I was very amused when I opened a cheap catamaran thread recently only to discover cheap was $175,000. To use some of your comparisons: The Gemini is at the cheaper end of catamarans, yet every monohull I've owned was much less expensive. My first cruising monohull took me all over the Great Lakes, Florida Keys and Bahamas and cost $385/foot. It was a good boat for my needs which granted were not the same as sailing to the South Pacific.

Having owned both small multis and monos, I think this is an issue with affordability: Multihulls are prone to under deck slamming and are much more weight sensitive than monohulls. What these two things translate into is that the entry level cruising multi-hulls must be larger than entry level cruising monohulls. It's difficult to build a 28-foot catamaran with good clearance, weight carrying capacity and standing head room. It's easy to do that in a similar volumed monohull (similar construction costs) which might be 33 feet or more. A larger minimum size correlates to a larger entry level cost. If your budget is such that you are focusing on 200K+ boats, this isn't as much of an issue, but if you are on a tighter budget it is.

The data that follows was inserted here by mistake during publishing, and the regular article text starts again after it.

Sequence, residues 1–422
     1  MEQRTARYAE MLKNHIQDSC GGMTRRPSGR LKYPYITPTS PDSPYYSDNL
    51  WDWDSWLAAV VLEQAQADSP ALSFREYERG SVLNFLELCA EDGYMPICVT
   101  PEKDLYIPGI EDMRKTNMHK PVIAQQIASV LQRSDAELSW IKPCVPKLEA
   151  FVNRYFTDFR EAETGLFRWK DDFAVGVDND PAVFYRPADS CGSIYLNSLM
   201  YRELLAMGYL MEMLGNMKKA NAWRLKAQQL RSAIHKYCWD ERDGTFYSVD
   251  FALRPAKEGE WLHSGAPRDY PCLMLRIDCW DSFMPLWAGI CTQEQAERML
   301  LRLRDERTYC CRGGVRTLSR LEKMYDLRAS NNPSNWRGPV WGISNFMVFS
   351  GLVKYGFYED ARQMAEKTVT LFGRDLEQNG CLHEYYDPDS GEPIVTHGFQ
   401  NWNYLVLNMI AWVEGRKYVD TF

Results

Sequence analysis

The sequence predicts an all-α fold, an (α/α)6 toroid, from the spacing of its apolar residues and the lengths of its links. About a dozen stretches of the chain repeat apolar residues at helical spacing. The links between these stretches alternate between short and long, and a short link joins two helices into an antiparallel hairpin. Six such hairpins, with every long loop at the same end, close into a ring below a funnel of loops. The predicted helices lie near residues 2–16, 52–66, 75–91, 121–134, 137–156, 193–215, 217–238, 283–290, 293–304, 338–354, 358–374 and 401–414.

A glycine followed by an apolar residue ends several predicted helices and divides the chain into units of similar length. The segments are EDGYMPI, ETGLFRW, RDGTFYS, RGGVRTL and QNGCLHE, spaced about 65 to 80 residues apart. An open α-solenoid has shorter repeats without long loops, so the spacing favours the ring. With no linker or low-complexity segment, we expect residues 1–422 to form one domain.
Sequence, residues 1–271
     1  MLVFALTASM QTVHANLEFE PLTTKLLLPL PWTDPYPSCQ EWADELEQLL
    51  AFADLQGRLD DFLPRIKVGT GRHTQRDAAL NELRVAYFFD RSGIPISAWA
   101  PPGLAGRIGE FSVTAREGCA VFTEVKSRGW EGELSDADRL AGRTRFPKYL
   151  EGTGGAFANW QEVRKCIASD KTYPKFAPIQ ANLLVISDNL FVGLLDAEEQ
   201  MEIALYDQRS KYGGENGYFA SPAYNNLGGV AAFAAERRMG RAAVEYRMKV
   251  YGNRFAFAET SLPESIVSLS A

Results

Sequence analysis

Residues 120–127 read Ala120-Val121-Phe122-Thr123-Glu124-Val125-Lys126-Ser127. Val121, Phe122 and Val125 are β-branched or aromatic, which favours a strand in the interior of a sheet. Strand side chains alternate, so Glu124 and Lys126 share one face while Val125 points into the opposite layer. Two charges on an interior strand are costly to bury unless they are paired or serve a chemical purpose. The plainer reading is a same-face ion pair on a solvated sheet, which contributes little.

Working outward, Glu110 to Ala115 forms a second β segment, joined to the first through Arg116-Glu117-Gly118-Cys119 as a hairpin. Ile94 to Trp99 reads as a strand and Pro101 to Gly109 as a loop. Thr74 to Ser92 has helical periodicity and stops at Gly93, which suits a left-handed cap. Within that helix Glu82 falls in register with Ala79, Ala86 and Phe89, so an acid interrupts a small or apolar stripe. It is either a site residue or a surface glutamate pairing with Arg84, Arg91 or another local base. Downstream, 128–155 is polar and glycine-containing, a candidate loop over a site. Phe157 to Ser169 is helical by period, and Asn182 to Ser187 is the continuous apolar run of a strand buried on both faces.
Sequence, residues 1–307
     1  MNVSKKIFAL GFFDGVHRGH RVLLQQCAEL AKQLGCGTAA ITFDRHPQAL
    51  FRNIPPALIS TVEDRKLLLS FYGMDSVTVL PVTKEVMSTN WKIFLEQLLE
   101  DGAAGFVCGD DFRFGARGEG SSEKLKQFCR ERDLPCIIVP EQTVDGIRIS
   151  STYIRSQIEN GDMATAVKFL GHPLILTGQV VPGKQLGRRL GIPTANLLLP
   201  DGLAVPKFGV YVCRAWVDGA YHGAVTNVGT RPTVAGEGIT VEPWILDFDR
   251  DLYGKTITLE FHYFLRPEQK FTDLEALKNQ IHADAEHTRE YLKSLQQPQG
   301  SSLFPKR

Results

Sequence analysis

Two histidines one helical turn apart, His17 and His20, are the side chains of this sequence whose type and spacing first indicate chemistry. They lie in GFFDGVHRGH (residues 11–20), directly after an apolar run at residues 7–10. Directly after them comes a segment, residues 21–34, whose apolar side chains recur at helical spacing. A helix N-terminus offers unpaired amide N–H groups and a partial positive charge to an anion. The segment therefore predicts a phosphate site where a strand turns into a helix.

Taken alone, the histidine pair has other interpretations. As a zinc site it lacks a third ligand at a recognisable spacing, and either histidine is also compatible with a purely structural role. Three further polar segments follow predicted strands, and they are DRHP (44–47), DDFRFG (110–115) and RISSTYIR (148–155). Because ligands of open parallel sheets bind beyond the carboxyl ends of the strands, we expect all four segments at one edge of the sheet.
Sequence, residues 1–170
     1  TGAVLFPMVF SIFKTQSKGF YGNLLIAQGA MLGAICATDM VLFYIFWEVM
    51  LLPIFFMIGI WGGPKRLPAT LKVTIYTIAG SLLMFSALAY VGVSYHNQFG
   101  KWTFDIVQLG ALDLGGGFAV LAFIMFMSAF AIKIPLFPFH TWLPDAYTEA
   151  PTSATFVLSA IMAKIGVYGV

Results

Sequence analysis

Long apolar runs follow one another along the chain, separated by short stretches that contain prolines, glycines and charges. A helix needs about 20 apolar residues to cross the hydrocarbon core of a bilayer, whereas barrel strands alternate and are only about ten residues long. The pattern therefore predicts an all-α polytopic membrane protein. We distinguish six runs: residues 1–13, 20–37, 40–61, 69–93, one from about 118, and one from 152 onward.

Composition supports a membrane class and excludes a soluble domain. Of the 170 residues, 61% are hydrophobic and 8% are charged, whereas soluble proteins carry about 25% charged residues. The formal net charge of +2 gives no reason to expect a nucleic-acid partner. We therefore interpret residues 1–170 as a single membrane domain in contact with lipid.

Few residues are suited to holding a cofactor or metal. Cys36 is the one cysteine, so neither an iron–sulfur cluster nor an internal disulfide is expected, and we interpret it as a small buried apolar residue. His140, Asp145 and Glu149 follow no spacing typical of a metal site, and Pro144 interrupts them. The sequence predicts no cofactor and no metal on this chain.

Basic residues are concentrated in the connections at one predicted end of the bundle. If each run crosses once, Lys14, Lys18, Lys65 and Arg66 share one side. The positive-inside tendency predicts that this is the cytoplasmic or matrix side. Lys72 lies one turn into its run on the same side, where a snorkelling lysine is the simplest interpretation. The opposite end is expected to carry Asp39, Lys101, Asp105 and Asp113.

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Old 25-09-2009, 14:17   #35
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CAT'S RULE AND MONO'S DROOL!!!!!! JEZE, WHEN IS EVERYONE GOING TO GET IT?



Just wanted to add some spice to the convo
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Old 25-09-2009, 14:24   #36
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Though I do suspect from what I've seen, read, and researched that a 50' multihull is the boat equivalent of an eight bedroom house.
LOL,